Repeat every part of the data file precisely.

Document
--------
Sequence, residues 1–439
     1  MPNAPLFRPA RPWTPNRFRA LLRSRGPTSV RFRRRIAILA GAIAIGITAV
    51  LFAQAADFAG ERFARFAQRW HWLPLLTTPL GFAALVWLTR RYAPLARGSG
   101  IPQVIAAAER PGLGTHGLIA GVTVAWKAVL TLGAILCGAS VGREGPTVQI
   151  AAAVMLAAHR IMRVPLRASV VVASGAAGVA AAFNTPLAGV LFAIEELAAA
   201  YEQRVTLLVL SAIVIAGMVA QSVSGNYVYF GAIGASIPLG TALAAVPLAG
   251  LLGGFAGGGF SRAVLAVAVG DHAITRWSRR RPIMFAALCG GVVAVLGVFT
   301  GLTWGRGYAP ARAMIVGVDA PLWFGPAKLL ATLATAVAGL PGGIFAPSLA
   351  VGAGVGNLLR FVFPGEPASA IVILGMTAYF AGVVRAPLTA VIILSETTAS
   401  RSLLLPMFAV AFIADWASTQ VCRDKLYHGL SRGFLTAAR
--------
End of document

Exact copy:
Sequence, residues 1–439
     1  MPNAPLFRPA RPWTPNRFRA LLRSRGPTSV RFRRRIAILA GAIAIGITAV
    51  LFAQAADFAG ERFARFAQRW HWLPLLTTPL GFAALVWLTR RYAPLARGSG
   101  IPQVIAAAER PGLGTHGLIA GVTVAWKAVL TLGAILCGAS VGREGPTVQI
   151  AAAVMLAAHR IMRVPLRASV VVASGAAGVA AAFNTPLAGV LFAIEELAAA
   201  YEQRVTLLVL SAIVIAGMVA QSVSGNYVYF GAIGASIPLG TALAAVPLAG
   251  LLGGFAGGGF SRAVLAVAVG DHAITRWSRR RPIMFAALCG GVVAVLGVFT
   301  GLTWGRGYAP ARAMIVGVDA PLWFGPAKLL ATLATAVAGL PGGIFAPSLA
   351  VGAGVGNLLR FVFPGEPASA IVILGMTAYF AGVVRAPLTA VIILSETTAS
   401  RSLLLPMFAV AFIADWASTQ VCRDKLYHGL SRGFLTAAR